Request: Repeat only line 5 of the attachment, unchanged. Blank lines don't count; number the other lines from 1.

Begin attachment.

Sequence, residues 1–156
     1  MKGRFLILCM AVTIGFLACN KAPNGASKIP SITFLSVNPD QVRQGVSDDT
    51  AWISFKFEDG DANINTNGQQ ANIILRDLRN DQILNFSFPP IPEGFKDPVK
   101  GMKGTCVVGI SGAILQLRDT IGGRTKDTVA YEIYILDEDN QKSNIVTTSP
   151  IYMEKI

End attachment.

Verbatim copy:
   151  IYMEKI